National Truck Driver Appreciation Week is when America takes the time to honor all professional truck drivers for their hard work and commitment to tackling one of our economy’s most demanding and important jobs. These 3.1 million professional men and women not only deliver our goods safely, securely, and on time, but they also keep our highways safe. Make plans now to do something special for the drivers that work for you!
Driver Recognition Awards
Driver Appreciation week is a good time to review the award and recognition programs that you have in place. It is important that we recognize those drivers who have performed in a safe and compliant manner. Recognition awards are best used for safe driving. A recognition award should be an award that the driver or employee cannot get anywhere else. It is best if these awards are personalized. The benefits of recognition awards are that they are non-monetary and have a longer-lasting effect. A driver should not be able to go and buy this award on their own. The only way to receive the award and recognition is to meet the requirements for receiving the award. These awards can be further enhanced by presenting award group presentations with peers (i.e., meetings, banquets, etc.).
As a motor carrier, there are several state and Nationwide association award programs that you can enroll your drivers in. I would recommend that you contact your state trucking association for a listing of the awards programs that are available. There are a variety of awards programs available for your drivers through organizations such as the American Trucking Association (www.truckline.com) and the National Private Truck Council (NPTC). The NPTC has the Driver Hall of Fame and National Driver All-Stars driver’s awards programs that are available to NPTC members. Go to: www.nptc.org to enroll your driver.
Driver Incentive Awards:
Incentive monetary awards are best used to motivate a driver to perform. These types of incentive programs are successful in motivating the driver to achieve a specific goal such as a certain fuel mileage or clean roadside inspection.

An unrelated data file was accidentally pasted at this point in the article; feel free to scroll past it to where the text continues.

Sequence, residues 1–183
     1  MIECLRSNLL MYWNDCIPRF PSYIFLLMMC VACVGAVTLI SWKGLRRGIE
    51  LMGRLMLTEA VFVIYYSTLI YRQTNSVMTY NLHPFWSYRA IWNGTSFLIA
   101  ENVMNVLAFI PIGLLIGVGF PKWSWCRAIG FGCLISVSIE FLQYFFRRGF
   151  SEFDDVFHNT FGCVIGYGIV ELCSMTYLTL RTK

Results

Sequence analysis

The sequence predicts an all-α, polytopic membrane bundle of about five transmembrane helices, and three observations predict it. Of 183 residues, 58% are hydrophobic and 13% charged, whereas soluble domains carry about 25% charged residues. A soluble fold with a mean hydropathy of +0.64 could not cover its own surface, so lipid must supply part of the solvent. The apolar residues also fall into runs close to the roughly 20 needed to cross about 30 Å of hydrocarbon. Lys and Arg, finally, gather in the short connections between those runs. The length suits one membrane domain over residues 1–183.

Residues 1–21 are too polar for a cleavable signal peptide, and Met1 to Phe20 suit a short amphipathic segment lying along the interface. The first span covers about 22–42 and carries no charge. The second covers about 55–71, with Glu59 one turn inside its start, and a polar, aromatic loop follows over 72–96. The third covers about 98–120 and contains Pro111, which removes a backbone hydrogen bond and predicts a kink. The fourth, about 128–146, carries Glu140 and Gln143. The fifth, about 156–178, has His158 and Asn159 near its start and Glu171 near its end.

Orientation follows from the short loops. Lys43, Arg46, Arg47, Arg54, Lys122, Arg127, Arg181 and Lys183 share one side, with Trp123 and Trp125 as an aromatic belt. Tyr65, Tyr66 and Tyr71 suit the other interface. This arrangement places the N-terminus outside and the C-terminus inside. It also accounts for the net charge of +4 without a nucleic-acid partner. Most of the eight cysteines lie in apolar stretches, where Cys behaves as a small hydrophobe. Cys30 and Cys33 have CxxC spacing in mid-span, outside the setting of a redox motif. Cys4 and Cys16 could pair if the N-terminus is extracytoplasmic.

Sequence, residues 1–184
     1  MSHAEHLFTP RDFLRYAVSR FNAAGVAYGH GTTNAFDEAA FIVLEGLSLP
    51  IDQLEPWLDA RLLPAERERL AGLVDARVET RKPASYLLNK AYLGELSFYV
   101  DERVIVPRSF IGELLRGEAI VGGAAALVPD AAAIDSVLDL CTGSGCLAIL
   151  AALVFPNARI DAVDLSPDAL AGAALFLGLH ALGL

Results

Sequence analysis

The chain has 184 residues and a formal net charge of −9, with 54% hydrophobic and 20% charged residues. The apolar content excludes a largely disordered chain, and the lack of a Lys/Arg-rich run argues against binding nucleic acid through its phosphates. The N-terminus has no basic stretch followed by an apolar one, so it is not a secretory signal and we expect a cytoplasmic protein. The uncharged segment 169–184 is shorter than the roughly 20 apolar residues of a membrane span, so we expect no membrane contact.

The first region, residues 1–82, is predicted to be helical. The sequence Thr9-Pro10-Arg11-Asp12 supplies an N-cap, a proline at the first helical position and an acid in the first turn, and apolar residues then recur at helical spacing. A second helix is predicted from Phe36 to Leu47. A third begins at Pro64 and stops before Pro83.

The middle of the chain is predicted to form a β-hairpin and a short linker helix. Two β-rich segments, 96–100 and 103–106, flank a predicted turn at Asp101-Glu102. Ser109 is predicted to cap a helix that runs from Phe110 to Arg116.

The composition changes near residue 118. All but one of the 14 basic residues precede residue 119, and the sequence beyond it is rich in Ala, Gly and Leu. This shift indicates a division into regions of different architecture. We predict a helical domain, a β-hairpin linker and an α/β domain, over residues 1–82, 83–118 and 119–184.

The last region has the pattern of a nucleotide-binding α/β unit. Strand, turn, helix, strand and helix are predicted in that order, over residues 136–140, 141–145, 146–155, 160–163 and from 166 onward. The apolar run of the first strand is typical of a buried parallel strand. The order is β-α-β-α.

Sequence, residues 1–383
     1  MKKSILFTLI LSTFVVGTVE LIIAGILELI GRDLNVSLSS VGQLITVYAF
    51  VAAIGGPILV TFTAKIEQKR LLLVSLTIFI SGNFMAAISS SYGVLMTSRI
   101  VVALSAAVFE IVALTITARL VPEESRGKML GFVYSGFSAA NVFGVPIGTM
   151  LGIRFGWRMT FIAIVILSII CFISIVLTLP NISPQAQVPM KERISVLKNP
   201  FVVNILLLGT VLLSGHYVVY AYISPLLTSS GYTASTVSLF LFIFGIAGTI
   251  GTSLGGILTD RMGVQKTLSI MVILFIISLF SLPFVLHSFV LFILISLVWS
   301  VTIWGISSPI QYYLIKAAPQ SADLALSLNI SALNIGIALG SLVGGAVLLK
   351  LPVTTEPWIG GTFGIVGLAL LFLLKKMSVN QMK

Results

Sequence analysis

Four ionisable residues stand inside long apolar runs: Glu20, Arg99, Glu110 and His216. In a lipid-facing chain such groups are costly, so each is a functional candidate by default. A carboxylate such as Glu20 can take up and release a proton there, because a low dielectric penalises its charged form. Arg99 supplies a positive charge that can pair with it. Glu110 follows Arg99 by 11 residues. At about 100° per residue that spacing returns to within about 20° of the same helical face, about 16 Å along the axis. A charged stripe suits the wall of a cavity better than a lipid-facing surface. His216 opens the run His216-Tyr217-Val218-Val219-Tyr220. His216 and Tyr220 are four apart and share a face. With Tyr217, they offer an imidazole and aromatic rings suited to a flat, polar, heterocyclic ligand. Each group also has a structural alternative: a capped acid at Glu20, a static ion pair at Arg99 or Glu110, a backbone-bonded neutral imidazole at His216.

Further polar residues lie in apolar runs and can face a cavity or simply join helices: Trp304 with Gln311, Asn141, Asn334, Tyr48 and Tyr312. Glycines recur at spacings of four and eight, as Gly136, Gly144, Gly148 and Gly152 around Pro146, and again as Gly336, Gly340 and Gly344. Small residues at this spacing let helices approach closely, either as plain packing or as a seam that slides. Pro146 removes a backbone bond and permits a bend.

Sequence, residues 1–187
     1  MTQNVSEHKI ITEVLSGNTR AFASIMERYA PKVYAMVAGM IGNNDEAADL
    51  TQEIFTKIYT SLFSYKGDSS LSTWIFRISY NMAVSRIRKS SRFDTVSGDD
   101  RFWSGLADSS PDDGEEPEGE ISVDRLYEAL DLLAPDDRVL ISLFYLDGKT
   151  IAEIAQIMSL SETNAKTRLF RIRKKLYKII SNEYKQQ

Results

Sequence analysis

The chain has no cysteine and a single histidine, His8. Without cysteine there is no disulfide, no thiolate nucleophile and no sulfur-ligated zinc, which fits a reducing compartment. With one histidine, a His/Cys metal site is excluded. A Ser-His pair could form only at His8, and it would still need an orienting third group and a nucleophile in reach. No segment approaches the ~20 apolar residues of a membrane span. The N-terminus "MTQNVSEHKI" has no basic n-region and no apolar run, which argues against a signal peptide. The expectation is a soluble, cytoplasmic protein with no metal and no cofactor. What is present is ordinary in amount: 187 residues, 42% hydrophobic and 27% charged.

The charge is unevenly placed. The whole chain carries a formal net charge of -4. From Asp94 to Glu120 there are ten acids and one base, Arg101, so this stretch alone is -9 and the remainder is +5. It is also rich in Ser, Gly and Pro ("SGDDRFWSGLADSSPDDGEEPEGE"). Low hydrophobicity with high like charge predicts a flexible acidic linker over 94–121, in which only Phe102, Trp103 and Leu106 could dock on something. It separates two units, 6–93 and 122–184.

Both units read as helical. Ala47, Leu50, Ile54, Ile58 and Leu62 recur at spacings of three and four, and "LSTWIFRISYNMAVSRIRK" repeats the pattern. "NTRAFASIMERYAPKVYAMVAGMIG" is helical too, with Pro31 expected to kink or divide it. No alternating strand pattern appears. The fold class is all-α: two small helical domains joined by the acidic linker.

FMCSA Seeks Comments on Proposed Guidance to Medical Examiners
The Federal Motor Carrier Safety Administration is seeking public comments on its draft Medical Examiner’s Handbook (MEH), which includes updates to the Medical Advisory Criteria. These documents provide information about regulatory requirements and guidance to medical examiners (MEs) listed on FMCSA’s National Registry of Certified Medical Examiners who perform physical qualification examinations of interstate commercial motor vehicle drivers.
First posted on FMCSA’s website in 2008, the MEH provided guidance to MEs on the physical qualification standards in the Federal Motor Carrier Safety Regulations and the conduct of the physical qualification examination. FMCSA has also issued guidance for MEs in the form of Medical Advisory Criteria, now published at 49 CFR part 391, Appendix A.
In 2015, FMCSA withdrew the MEH because some of the information was obsolete or was prescriptive in nature. MEs and training organizations were informed that the MEH was no longer in use and that they should not consider the MEH as agency guidance. The FMCSRs, in 49 CFR 391.41 through 391.49, provide the basic driver physical qualification standards for interstate CMV operators.
MEs currently make physical qualification determinations on a case-by-case basis and may consider guidance to assist with making those determinations. The goal of the updated MEH and related Medical Advisory Criteria is to provide information about regulatory requirements and guidance for MEs to consider when making physical qualification determinations in conjunction with established best medical practices.
The revised Medical Advisory Criteria, in addition to being included in the MEH, would also be published in Appendix A to 49 CFR part 391. The final version of the criteria would be identical in both publications. FMCSA is proposing to update both the MEH and Medical Advisory Criteria and seeks public comment on these documents.